AgResearch 'in panic mode'

The appointment of an external company to manage AgResearch's restructuring plan shows it is in ''panic mode'', Dunedin North Labour MP David Clark says.

The comments come after AgResearch last week appointed Christchurch-based The Project Office to manage its $100 million restructuring plan, which includes the development of a Lincoln hub.

AgResearch said the appointment brought its restructuring plan, which included slashing the number of Invermay jobs, ''one step closer to reality''.

Dr Clark said it was a ''waste of taxpayer money'' and showed AgResearch was in ''panic mode''.

''They have brought in outside expertise because the project has gone off the rails.''

Such an appointment was not signalled in AgResearch's earlier business plan.

That AgResearch was pushing ahead with plans also showed it was oblivious to growing opposition and evidence large numbers of top scientists would resign rather than shift campuses, he said.

An AgResearch spokeswoman said the appointment of a property project management firm was always part of the plan and in line with the ''approach set out in the Future Footprint business case''.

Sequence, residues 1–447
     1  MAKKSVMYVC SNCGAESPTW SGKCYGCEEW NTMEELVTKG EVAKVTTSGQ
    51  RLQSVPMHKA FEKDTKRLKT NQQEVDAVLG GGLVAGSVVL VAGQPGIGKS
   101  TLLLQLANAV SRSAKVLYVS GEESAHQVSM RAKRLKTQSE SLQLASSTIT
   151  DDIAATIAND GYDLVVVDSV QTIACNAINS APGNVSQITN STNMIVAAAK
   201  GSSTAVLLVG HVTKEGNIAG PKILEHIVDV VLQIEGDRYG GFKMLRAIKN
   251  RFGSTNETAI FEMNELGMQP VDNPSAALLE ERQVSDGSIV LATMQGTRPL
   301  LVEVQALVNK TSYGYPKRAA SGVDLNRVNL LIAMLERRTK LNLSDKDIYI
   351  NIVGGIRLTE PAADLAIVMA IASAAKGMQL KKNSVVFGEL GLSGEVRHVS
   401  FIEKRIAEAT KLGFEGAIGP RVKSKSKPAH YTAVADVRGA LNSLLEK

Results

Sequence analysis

''The planning, design and construction of new buildings or refits of older buildings are major projects which require specialist skills and expertise.

''It would be irresponsible for AgResearch to try and manage a complex building programme with specialist facilities itself.''

In announcing the appointment, AgResearch said it was made in consultation with partner organisations at the Lincoln hub and FoodHQ hub at Palmerston North.

AgResearch chief executive Dr Tom Richardson said undertaking the project in collaboration with sector partners, including DairyNZ, Landcare Research, Lincoln University and Plant & Food Research, had many advantages.

An AgResearch spokesman rejected the Public Service Association's call to put its Future Footprint Plan on hold because of staff concerns.

''We do not agree with the PSA's proposal to put a hold on Future Footprint progress.

''At our meeting with the PSA we will work through why the issues they identify are not part of the Future Footprint proposal,'' the spokesman said.

After clarification was sought on the last sentence, a spokeswoman said: ''The PSA raised a range of issues, some of which are related to Future Footprint and some of which are not, and we will seek to understand and address their concerns when we meet.''

In response, PSA assistant secretary Jeff Osborne said it took AgResearch's statements about ''open consultation at face value''.

That meant AgResearch should ''listen to what people are saying and adjust their thinking accordingly''.

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